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6 December 2017
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How to run a successful conference

Running a conference is something you may need to do as part of a society or group or as part of your involvement in a particular interest group. Conferences can be fun and create a great opportunity to meet some interesting speakers. It is a good way of bringing people together be that within a speciality, society or just an interested group. Conferences are a fantastic way of sharing learning to a wide number of people and creating opportunities for trainees to showcase their work in oral and poster presentations.

From a personal perspective organising conferences:

  • Give an opportunity to meet and listen to speakers of particular interest
  • Demonstrate your leadership and organisational abilities
  • Meet like-minded people and share ideas
  • Extend your professional networks
  • Develop skills in reviewing abstracts and shortlisting 

A word of caution, despite being lots of fun, organising a conference is hard work and can leave you tearing your hair out at times. I have run a number conferences and have learnt a fair few lessons which I have incorporated into this ‘how to guide’. It will provide you with a structure (the steps) when you are starting out and hopefully also a few handy hints and tips.

Tip – Before you take on organising a conference – remember this will take time – this not something you can pull together in an afternoon.  It is difficult to say how much time this will take, but you need to be motivated and proactive. Get a good team around you - why do it alone?  

Step 1 - The proof is in the plan

Job number one is planning. You need a clear idea of what is it you want to achieve with a conference.

The following questions can be useful to start framing what you want to do. 

  1. Who is the conference for?
  2. How many people do you hope or need to attend?
  3. Do you have the funding or do you need to raise funds?
  4. Will there be a cost for attending the conference for delegates? 
  5. Are you planning to provide refreshments?
  6. What is the theme/ topic of the day?
  7. Do you want workshops/ keynote speakers or a mix?

Step 2 - Getting off the ground

Once you have laid your plans there will be a few things that need to be sorted as a priority:

  • Setting a date – depending on your target audience, remember to think about when school holidays, key exams and interview times are as this may detract from attendance. 
  • Finding a venue – There are often loads of great places around depending on your budget. You need to think about transport links – will people drive or come by public transport?
    • High budget – Hotels/ stadiums are usually a good start. They have events teams and will sort all of the catering, refreshments and stationery.
    • Low budget – Education centre’s at Trusts are usually good and usually free. You may have to sort your own catering.

Tip - If you don’t have a budget – consider getting drug reps/GMC/MDU/MPS to sponsor an event. Each area will have a local rep – look on the website for their email and contact them or approach a rep that you may have seen at your place of work. They may not be able to provide funding, but they may be able to provide lunch in return for delivering a short talk.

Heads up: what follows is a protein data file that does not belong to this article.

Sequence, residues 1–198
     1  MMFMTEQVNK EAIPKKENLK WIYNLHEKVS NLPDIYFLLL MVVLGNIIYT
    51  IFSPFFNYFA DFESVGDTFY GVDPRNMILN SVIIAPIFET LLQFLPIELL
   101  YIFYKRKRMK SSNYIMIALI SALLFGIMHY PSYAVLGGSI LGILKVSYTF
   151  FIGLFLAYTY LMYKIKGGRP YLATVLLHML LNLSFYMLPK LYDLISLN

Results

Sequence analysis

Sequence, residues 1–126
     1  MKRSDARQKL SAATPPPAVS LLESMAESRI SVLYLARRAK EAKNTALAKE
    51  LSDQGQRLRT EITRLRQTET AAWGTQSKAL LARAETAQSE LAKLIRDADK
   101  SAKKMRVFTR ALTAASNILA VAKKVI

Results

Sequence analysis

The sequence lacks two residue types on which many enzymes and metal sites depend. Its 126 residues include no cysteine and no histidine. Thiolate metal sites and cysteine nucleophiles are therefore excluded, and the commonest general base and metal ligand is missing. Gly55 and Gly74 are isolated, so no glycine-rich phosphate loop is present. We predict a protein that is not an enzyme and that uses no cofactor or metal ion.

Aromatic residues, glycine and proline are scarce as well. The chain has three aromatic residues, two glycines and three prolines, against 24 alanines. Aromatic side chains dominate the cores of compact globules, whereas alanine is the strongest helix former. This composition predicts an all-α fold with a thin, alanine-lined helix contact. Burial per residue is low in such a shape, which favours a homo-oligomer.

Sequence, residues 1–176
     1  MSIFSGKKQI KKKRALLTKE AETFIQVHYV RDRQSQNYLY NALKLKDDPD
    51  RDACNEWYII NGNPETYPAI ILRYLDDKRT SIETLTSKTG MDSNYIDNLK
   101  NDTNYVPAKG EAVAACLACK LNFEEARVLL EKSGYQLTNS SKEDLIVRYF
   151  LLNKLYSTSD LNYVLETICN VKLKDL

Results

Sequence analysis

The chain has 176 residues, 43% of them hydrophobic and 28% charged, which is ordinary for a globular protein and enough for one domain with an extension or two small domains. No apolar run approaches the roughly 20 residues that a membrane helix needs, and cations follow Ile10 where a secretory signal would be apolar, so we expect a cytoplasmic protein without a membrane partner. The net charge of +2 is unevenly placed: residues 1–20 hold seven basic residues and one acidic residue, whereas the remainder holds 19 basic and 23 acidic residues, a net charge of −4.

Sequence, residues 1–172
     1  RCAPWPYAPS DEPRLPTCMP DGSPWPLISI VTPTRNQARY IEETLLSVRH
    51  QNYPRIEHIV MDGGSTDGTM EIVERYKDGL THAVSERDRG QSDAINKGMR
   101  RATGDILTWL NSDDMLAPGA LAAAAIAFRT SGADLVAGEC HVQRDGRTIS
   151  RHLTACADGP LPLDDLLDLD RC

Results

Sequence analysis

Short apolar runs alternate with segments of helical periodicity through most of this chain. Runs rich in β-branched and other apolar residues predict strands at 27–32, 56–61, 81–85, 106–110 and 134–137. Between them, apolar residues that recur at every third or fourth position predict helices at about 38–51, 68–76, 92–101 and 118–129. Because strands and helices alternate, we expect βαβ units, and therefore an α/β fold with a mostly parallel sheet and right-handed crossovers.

Tip – Think very far in advance (around 3-6 months) – people are busy, and time vanishes.

If you have your heart set on a particular keynote speaker, email them early with a range of dates, your venue may be more flexible than the speaker's diary!! Also, set a deadline for a response and, as painful as it might be, if you don’t hear back move on.  Don’t delay if they don’t respond. In my experience, most speakers are more than happy to come and speak when you explain you are a junior doctor organising a conference for other junior doctors. You could offer to pay for expenses but not offer a fee!

Step 3 -  Pulling together the agenda

OK, so you have your venue, the date and hopefully some speakers, now is the time to start thinking about the rest of the agenda.

  • Do you have workshops? 
  • Do you need additional rooms for breakout sessions?
  • Do you want trainee presentations/posters? (Remember this may be a pull for people to attend the event and an excellent opportunity for people to showcase their work)
  • What are the timings? Factoring in time for coffee and movement between sessions is important.

Tip - when asking for Trainee presentations - create a marking template beforehand and rope a few people into marking them, this can be more time consuming than you think. 

Tip - Give the speakers a clear brief or additionally a call before the event - There is nothing worse than a speaker that has got the brief wrong.

Ask speakers for slides in advance if possible so you can a) you can check the message is what you want and b) you can load it up on the IT system before their arrival.

Step 4. On the day

Before the day – allocate roles and responsibilities. Some suggestions of these could be:

  • Reception and sign in
  • Meeting the speakers
  • Introducing speakers and workshops
  • Liaising with the venue – find one person to talk to the events person (you can go to them with any queries or event type concerns)
  • Marking posters

Most of all – try to enjoy it yourself and make sure you get to attend sessions and participate too.

Step 5 – The final hurdle

Congratulations, the conference has been a success…however, before you sit back and chill there are a few things to do after:

  • Thank speakers
  • Certificates for delegates (one trick I’ve used is to send then and only release certificates of attendance on completion of feedback surveys)
  • Review feedback and share with appropriate parties.

Step 6 – Sit back, RELAX and pat yourself on the back for a job well done!

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